WHETHER the right decisions were rendered last week in the military’s two high-profile cases of sexual assault is a matter of some dispute. Given the shape of the cases before them, the judges in both probably made the right calls. But the process along the way was so flawed that it’s hard to have any confidence that justice was done.
The cases have focused renewed attention on the need to change a military justice system that is susceptible to letting factors other than the evidence influence which sexual assault cases are brought to trial. One involved Brig. Gen. Jeffrey Sinclair, reprimanded for mistreating an Army captain with whom he had an affair; the other, Midshipman Joshua Tate, a former Naval Academy football player acquitted of sexual assault.
Both show why trained, independent prosecutors, not commanding officers with competing concerns, should be in charge of deciding which cases come to trial. Legislation championed by Sen. Kirsten Gillibrand (D., N.Y.) that would have brought about this critical reform got 55 votes in the Senate this month, a clear majority but unfortunately five short of the 60 needed to overcome a filibuster.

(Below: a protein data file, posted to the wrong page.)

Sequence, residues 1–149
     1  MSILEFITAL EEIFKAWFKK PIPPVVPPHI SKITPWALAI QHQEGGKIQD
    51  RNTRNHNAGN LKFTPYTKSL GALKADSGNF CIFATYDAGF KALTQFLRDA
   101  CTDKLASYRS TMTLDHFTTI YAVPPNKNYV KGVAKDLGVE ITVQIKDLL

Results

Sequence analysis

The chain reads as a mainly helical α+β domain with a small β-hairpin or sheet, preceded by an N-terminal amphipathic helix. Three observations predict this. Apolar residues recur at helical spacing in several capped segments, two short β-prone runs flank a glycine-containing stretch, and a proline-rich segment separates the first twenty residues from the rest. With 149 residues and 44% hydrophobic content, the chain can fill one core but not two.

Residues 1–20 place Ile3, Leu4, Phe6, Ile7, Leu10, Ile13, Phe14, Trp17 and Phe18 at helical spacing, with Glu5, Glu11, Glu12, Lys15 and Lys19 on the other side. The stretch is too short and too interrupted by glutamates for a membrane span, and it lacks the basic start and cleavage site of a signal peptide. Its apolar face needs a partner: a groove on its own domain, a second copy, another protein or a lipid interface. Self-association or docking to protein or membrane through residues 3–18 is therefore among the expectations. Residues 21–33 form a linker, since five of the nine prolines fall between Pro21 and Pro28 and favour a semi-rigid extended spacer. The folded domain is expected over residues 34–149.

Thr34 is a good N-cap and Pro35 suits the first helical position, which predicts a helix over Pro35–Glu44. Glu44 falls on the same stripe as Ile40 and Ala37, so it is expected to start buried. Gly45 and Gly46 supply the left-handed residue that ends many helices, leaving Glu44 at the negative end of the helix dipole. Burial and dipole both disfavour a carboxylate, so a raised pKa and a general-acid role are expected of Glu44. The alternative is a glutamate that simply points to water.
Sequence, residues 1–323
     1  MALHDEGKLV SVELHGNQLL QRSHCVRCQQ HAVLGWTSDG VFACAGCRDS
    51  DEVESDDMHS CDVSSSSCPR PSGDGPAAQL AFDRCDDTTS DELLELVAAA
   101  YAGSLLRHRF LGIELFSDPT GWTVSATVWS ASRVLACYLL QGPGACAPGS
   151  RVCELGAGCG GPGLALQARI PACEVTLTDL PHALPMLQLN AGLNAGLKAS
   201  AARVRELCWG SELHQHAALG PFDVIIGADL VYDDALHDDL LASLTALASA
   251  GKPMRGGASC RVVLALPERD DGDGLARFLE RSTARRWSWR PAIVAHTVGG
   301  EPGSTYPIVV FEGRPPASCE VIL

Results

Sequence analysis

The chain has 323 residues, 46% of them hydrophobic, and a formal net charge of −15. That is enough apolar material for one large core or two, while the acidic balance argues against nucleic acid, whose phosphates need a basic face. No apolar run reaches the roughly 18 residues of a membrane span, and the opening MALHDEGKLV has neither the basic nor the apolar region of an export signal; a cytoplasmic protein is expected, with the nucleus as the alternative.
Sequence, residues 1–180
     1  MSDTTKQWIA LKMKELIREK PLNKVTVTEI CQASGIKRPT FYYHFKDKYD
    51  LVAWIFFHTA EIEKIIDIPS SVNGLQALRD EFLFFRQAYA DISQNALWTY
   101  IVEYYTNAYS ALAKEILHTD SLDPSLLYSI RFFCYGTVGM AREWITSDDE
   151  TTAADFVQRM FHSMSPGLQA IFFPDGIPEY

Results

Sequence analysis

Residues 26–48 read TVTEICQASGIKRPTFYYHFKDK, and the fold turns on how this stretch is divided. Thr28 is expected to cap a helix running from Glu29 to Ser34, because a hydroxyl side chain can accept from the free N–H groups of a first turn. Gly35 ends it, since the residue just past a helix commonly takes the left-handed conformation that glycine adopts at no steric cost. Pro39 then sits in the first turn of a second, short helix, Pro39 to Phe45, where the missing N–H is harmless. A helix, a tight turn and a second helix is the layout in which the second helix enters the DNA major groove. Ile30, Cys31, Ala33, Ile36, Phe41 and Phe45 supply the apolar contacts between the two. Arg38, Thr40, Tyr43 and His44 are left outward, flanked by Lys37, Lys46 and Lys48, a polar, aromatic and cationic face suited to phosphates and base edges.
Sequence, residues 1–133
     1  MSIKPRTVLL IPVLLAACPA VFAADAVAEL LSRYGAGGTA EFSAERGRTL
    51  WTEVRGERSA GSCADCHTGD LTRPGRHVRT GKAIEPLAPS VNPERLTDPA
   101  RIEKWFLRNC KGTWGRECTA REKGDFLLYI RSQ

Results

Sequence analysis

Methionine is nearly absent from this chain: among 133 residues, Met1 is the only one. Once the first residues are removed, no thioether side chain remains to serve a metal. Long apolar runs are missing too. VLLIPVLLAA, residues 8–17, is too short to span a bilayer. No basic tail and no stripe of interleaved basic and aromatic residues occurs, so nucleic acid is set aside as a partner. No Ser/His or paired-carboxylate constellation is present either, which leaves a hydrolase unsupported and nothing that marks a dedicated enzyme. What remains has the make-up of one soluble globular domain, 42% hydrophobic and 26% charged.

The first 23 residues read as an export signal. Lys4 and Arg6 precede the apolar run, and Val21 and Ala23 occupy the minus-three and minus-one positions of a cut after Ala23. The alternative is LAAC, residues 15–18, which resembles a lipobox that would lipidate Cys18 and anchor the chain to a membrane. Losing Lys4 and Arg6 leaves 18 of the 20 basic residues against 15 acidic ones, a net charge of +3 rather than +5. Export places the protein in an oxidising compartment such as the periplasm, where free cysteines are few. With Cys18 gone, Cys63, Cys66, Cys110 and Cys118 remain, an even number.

Most of the debate on removing decisions about whether to prosecute sexual assault cases from the chain of command has focused on the understandable concerns that conflicts of interest by commanding officers make it difficult for victims to get a fair hearing.
The cases of General Sinclair and Mr. Tate present the flip side of the argument. In both instances, commanding officers ignored warnings from military lawyers about weaknesses in the cases and insisted on going to trial, apparently to show the military’s new seriousness in not tolerating sexual misconduct.
No doubt, there was heightened political pressure with Congress considering Senator Gillibrand’s controversial legislation. But no one, as she argued in support of her legislation, wants to see an innocent service member going to jail or a guilty perpetrator going free.
Sexual assault cases — be they in the military or civilian world — are often difficult to investigate and try. Lack of public confidence in how justice is dispensed compounds the problem, making victims fearful to come forward and others reluctant to cooperate. Congress needs to revisit this issue.